Make us more than conquerors through thy deathless love;
Bring us safe through Jordan to thy home above.
My brother Mike read the reading Dad had selected, 1 Peter 1:3-9, and my niece Ellie read the gospel, John 14:1-6. I preached, and people were kind enough to tell me that they had appreciated it afterwards. When the service was over we went to Grantham Crematorium for the cremation, and then back to Oakham for a reception.
That was when I had my Cockburn ‘It’s just I hate the day to have to end’ feeling. The love of people was palpable in that room – their affection for Dad, and their affection for Mum, and Mike and me. It’s funny, but I haven’t really felt of myself as being a ‘mourner’ yet. I’ve officiated at so many funerals and tried to provide support and comfort to the bereaved, but until yesterday it hadn’t really sunk in that I was in that category. I guess people seem to feel that clergy are somehow above all that; I don’t know why, but I know it’s true. But yesterday at the reception in Ketton I was in the midst of cousins and aunts and uncles and friends I’d known since long before I had any idea of being a clergy person, and they were united in love for Dad and Mum and in wanting to provide support for us. And it was all the more poignant in that some of them were the family of my Uncle John, who died three days after my Dad, and whose funeral is tomorrow.
‘Cling onto these relationships’, I found myself thinking. ‘Make no excuses for not keeping in touch with them. Do all you can to let them know you love them and appreciate them. These are the most important things in life. The gospel of Jesus Christ – which gives my life meaning and gives me hope for the future as well as strength for the present – and the love that human beings share with each other – in the end, this is what matters’.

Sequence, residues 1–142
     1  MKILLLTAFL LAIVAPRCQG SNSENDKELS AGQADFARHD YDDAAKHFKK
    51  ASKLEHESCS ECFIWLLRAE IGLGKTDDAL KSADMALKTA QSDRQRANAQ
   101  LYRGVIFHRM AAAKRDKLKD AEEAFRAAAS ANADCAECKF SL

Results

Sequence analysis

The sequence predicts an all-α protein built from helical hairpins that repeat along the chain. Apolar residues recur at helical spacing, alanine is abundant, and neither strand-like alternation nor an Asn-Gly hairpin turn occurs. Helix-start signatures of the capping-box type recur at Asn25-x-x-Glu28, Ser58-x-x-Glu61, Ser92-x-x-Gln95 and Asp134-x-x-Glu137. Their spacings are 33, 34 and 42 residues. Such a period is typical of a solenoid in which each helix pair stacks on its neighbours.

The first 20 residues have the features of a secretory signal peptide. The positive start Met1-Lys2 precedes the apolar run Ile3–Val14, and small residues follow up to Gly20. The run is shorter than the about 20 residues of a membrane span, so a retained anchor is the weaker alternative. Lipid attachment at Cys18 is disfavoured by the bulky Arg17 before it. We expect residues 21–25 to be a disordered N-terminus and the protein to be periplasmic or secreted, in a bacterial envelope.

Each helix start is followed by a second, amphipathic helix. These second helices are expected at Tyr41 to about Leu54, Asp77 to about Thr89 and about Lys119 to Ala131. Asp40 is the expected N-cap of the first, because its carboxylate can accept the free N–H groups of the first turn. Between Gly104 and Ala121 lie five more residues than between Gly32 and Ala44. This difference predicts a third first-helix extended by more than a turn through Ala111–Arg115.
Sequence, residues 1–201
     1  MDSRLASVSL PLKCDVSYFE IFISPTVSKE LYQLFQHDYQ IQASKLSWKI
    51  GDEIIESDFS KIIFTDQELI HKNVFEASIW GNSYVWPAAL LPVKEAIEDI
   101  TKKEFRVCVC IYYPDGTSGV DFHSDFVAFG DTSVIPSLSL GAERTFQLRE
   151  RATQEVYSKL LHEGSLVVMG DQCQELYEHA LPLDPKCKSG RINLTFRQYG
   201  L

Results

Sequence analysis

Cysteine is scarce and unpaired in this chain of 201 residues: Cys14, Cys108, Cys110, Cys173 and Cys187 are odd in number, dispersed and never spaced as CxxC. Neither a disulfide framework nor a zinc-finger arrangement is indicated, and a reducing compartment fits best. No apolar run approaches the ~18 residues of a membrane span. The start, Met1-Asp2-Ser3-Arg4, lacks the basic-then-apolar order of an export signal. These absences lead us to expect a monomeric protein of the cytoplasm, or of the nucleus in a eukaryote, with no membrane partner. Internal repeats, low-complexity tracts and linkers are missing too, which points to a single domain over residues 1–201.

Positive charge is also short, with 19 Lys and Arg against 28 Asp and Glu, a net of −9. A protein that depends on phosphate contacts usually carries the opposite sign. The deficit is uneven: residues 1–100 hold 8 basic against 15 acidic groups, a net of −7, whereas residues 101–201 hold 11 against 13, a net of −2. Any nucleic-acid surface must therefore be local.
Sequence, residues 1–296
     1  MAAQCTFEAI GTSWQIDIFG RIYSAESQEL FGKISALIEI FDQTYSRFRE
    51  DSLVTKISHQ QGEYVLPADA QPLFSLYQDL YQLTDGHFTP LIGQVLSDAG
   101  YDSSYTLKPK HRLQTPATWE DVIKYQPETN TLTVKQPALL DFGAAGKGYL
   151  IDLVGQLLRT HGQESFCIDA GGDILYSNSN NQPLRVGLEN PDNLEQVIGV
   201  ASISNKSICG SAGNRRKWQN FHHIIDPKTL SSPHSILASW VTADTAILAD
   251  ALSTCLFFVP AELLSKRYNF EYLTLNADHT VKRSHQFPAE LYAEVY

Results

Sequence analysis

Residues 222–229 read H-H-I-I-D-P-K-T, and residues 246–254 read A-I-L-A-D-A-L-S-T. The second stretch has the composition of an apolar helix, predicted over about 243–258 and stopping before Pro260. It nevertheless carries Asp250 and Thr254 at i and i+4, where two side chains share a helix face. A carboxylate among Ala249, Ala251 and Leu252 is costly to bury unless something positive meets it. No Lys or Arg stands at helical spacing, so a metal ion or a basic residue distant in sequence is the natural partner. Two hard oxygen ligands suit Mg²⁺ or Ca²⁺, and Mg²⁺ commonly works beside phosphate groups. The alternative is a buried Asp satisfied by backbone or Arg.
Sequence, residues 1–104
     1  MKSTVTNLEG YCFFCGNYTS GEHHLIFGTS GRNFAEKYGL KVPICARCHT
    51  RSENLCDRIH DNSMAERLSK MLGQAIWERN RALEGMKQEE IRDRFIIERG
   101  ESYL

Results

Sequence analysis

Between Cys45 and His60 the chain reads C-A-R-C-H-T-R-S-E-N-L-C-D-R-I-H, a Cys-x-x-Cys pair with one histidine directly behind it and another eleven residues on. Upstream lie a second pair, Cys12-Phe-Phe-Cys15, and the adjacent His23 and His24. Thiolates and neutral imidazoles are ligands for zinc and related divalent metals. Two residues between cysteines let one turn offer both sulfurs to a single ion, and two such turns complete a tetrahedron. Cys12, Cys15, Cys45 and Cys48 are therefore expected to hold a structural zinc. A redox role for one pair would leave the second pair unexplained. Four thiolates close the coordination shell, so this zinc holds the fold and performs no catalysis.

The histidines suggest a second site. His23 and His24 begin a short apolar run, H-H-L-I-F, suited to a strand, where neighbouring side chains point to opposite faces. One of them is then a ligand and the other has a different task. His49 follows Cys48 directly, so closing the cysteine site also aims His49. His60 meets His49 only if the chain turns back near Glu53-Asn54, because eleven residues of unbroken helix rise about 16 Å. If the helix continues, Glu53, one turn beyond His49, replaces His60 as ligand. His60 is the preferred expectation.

I said to my old friend Steve Palmer afterwards that since Dad died I find that my patience with the bullshit that often happens in churchland has been at an all time low. That may not be a good thing – impatience is rarely a good thing – but I find myself thinking about things in the light of my Dad’s death and wondering why we’re bothering with so much that isn’t really important in the light of eternity. I’m not pointing fingers at my congregation or diocese, or even myself; I’m just making a general observation about the tendency of Christians to get worked up about the latest fad or fashion in ‘church health’ or ‘congregational development’ or whatever the latest trend is (I’ve been around long enough to be seeing most of them come around for the second time now), all the time doing our best to avoid the thought of actually asking someone how they are doing, and really wanting an answer, or actually talking about Jesus with a non-Christian friend.